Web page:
> and get it in, and rather than just having the few people who are very
> knowledgeable about it work on improving the things that still need to be
> done, “Let thousands of people look at it and help improve it through the
> next round of the code development process!” He said it was time to start
> pushing these things through. Then they voted - and it passed 8 to 6! I was
> amazed and delighted! So it is going into the second public draft!
> There were two other similar proposals (they’re called “comments”) that
> were heard right before the strawbale comment. The first, from Paula Baker
> Laport and Robert Laport proposed including the straw clay guidelines from
> New Mexico. Next was the other submitted by Martin, that one in support of
> earthen construction based on the new ASTM standard for earthen wall systems
> that I had initiated almost 10 years ago and Bruce King has spearheaded over
> the past few years. I spoke in support of both, but they were disapproved,
> though both received encouraging suggestions to bring them forward again
> after addressing non-mandatory/permissive language and other issues.
> Because they were heard one after the other, and I was the only proponent
> for them, I got to speak first for each one and so I had a total of 6
> minutes (2 minutes each) to frame them all in terms of the big issues I’ve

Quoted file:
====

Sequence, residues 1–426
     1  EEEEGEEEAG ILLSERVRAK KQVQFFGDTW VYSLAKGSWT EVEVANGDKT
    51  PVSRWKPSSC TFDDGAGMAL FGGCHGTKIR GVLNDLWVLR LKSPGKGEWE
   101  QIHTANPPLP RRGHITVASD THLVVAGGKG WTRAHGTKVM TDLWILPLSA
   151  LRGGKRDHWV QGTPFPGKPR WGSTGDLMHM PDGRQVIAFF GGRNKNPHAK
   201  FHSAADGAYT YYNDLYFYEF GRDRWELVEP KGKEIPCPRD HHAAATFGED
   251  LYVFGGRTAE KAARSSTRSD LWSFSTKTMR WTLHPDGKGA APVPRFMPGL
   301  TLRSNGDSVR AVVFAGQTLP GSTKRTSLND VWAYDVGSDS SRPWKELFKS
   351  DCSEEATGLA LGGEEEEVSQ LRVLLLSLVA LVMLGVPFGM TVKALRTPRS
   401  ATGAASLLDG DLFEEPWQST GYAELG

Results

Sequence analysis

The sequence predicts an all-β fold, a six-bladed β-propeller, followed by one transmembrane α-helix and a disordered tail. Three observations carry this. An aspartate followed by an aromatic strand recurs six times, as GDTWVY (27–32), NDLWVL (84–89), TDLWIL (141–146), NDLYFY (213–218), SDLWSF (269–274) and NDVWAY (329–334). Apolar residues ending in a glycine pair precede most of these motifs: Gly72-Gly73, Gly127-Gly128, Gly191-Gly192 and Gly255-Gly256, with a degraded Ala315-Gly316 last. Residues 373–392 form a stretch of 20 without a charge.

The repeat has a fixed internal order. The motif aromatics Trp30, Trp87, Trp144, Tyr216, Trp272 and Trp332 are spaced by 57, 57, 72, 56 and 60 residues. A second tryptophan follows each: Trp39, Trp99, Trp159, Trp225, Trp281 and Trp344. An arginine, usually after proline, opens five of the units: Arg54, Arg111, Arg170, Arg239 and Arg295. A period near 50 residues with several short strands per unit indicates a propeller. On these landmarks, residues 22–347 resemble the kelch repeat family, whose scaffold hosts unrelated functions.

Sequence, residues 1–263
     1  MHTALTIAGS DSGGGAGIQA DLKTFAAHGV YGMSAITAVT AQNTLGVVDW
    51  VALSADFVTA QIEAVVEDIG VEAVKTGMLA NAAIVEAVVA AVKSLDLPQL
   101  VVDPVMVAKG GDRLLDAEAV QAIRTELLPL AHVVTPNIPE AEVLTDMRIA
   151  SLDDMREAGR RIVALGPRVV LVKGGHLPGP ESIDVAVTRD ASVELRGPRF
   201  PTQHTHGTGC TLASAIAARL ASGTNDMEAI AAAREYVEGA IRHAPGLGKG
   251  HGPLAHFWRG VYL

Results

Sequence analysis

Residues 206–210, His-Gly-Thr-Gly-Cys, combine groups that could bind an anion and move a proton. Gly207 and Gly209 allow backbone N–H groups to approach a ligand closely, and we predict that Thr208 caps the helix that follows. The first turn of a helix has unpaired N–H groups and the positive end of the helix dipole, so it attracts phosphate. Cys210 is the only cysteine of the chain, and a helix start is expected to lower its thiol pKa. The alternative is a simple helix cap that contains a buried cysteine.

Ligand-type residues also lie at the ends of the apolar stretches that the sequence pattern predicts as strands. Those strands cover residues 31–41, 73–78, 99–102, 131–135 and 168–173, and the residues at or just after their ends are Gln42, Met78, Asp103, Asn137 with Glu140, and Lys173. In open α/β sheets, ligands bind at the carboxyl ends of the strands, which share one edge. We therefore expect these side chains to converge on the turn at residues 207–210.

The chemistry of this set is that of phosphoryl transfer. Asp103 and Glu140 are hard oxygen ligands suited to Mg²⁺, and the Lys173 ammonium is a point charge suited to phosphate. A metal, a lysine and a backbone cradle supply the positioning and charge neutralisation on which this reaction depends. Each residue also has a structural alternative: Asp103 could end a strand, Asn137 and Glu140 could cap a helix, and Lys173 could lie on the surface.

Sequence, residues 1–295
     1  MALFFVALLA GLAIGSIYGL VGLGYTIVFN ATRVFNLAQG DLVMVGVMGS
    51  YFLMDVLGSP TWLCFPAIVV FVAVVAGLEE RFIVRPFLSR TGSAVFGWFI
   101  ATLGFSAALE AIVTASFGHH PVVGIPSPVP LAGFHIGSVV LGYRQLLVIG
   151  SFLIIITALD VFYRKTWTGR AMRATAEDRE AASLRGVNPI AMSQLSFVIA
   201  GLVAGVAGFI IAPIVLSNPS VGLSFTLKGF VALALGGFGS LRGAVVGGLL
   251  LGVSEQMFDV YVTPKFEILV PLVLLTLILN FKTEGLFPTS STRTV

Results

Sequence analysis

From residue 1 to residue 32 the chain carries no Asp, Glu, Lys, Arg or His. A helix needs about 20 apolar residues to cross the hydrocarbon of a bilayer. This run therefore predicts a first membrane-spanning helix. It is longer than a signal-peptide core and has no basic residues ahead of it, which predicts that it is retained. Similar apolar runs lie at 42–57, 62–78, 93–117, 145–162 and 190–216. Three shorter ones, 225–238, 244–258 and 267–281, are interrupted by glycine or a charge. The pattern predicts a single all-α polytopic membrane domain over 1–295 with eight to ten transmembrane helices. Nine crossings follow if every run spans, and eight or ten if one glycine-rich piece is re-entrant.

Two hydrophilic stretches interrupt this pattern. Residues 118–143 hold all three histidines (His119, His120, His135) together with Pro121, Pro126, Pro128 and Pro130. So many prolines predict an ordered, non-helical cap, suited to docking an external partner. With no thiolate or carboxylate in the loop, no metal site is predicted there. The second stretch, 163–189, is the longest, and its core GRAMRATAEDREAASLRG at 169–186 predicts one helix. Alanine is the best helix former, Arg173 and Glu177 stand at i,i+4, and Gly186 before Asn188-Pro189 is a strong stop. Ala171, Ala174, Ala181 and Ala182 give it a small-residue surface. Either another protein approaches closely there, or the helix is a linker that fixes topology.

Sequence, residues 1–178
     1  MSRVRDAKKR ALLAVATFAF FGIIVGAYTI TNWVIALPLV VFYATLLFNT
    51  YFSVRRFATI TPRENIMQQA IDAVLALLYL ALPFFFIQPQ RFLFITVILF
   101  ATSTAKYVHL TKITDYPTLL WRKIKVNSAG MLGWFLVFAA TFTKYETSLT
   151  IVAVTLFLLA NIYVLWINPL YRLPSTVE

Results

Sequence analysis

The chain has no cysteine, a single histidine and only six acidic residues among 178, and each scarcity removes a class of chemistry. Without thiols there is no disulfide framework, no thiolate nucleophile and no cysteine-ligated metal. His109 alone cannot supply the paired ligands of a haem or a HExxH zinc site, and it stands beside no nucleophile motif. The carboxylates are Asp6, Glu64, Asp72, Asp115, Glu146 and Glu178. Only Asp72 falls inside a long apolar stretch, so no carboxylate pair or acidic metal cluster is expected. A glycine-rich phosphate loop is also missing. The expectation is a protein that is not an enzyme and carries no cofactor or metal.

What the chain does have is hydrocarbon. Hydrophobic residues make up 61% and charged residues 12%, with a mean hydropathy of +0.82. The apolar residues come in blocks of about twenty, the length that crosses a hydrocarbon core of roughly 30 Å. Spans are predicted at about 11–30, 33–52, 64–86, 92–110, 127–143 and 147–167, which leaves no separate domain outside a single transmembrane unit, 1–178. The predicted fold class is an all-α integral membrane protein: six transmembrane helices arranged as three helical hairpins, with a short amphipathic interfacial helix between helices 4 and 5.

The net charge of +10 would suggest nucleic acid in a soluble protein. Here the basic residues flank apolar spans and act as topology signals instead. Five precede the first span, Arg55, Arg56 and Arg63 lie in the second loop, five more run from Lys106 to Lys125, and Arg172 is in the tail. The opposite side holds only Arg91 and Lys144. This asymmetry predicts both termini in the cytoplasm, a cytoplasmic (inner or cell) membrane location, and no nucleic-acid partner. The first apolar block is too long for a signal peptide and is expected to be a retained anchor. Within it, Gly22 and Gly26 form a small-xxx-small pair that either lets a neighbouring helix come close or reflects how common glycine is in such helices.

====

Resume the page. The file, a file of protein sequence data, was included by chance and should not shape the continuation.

> been speaking to for all these years, including the coming challenges of
> ever-more limited and expensive energy, the low-impact, low-tech, climate
> beneficial, local/regional benefits, the industrial/proprietary bias and
> difficulty in funding research, testing and development for public domain,
> non-proprietary materials and systems. I started off by talking about the
> fact that I had been in buildings in Europe built with materials like straw
> clay and earth that are twice as old as this country! And to say that these
> are durable and safe ways of building when done properly. And when talking
> about the ASTM earthen standard, I said that if they looked at it they might
> think that it was too low tech to be reasonable compared to the standards
> that they’re used to for concrete and other industrial materials. But, I
> said, It was intentionally low tech. That I was involved in initiating that
> standard almost ten years ago and it was both to enable the use of those
> materials here and to reverse the outlawing of earthen building in
> developing countries through the adoption of modern industrial codes. That
> it was designed to enable people to build safe, durable, healthy, and
> affordable buildings anywhere in the world—including the in United States. I
> mentioned that the committee that developed that standard included the
> leading experts on earthen building and engineering from around the world
> and was based on reviewing and incorporating the best from international
> codes and standards for earthen building.
> After the first two went down, I was quite convinced because of the
> comments that the sb proposal would share the same fate and, thankfully, I
> was wrong!
> So hats off to Martin, Bruce, Matts, and many others who have worked so
> long and hard to develop these codes and to Chris Mathis for his leadership
> and visionary action on the committee.
> David Eisenberg